Swearing-in ceremony of the Commission at the Court of Justice of the EU, credit: EU, 2020
In a video clip that was broadcast in the Croatian parliamentary elections on Sunday to support the ruling party, European Commission President Ursula von der Leyen appeared inside the Commission’s headquarters. Was it a mistake?
The chief spokesperson of the Commission had already tweeted before the elections that her appearance in the video was meant as a contribution in “her personal capacity” but that, regrettably, it had not been made clear in the final version of the video.
The video incident dominated the Commission’s press conference on Monday (6 July) with several journalists questioning if it was appropriate for the president to use Commission resources and offices in its headquarters in the Berlaymont building in Brussels to interfere in the elections in a member state.
The video had been made at the request of the office of Croatia’s prime-minister Andrej Plenkovic and might have influenced swing voters in the elections. According to the election count today, his party (HDZ) increased its number of seats in the Croatian parliament and will probably remain in power with the support of minor parties.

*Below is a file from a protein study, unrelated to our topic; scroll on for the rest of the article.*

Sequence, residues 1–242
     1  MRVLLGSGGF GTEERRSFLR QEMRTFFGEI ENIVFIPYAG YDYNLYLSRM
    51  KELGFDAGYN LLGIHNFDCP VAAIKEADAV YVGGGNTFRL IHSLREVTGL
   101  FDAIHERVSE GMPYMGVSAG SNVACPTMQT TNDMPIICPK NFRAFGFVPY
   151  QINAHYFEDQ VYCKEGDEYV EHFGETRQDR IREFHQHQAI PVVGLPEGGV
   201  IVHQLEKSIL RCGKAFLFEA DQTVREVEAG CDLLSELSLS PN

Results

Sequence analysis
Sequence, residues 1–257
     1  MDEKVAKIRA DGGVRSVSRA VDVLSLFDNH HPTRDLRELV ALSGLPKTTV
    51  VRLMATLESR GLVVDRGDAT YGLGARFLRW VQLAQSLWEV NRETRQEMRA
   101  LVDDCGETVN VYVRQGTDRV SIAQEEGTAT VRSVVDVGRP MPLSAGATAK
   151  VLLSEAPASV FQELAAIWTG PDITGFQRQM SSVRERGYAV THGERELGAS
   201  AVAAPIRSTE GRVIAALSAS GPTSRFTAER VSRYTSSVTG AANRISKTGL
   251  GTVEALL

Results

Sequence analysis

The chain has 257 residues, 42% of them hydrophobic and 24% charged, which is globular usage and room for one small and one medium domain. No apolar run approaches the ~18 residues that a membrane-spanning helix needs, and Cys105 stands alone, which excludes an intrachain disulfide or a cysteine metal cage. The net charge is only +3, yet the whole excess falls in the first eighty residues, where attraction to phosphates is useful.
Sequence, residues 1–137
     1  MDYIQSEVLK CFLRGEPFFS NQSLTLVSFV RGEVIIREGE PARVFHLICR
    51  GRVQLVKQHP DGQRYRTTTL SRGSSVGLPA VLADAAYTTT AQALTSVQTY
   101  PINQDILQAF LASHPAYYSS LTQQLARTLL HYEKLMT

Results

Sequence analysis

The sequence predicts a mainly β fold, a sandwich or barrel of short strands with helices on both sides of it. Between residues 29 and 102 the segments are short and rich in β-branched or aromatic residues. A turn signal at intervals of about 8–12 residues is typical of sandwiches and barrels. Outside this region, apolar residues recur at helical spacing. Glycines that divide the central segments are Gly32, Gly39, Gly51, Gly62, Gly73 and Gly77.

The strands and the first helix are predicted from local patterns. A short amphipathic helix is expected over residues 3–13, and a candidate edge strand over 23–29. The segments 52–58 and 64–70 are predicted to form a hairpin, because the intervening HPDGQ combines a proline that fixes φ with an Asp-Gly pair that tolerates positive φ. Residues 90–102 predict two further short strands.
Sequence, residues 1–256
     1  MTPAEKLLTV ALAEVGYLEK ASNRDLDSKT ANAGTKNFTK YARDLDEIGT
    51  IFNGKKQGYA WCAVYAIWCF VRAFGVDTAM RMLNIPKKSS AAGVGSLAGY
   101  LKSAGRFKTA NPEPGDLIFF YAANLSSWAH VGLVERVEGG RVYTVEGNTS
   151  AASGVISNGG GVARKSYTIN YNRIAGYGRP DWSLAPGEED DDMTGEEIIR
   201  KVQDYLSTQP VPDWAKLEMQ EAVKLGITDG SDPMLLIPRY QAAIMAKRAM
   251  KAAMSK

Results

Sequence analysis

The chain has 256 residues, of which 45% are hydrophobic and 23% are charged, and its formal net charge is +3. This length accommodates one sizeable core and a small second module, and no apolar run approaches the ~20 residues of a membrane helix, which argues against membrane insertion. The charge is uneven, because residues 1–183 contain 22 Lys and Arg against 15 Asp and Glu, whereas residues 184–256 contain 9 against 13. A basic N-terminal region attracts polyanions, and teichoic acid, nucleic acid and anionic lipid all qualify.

In the video, president von der Leyen can be seen against the backdrop of an EU flag in Berlaymont, saying “Safe Croatia” in Croatian. It took only about a few seconds but conveyed, in a symbolic sense, the support of the European Commission. She was followed by other politicians and acting prime-ministers from some member states saying the same.
All belong to the same political party group, the centre-right European People’s Party (EPP), as Croatia’s prime minister.
The spokesperson acknowledged that an unintentional “mistake” had been made when recording the soundbite in Berlaymont, where the president works, and later when von der Leyen’s name was added by the video producers in Croatia, but stopped short of apologising for it. He assured that the mistake would not be repeated in the future.
While European Commissioners are allowed to participate in the political life of their home countries, they must comply with the Commission’s Code of Conduct. This, however, is up to the president to decide on a case by case basis, according to the spokesperson. Did she make a second mistake by expressing support for the ruling party in the Croatian elections?
According to the code, Commissioners shall inform the president of their intention to participate in elections, in which case they must suspend themselves from the work of the Commission. Members shall also abstain from making public statements or interventions on behalf of any political party of which they are members, except when standing for election/participating in an election campaign.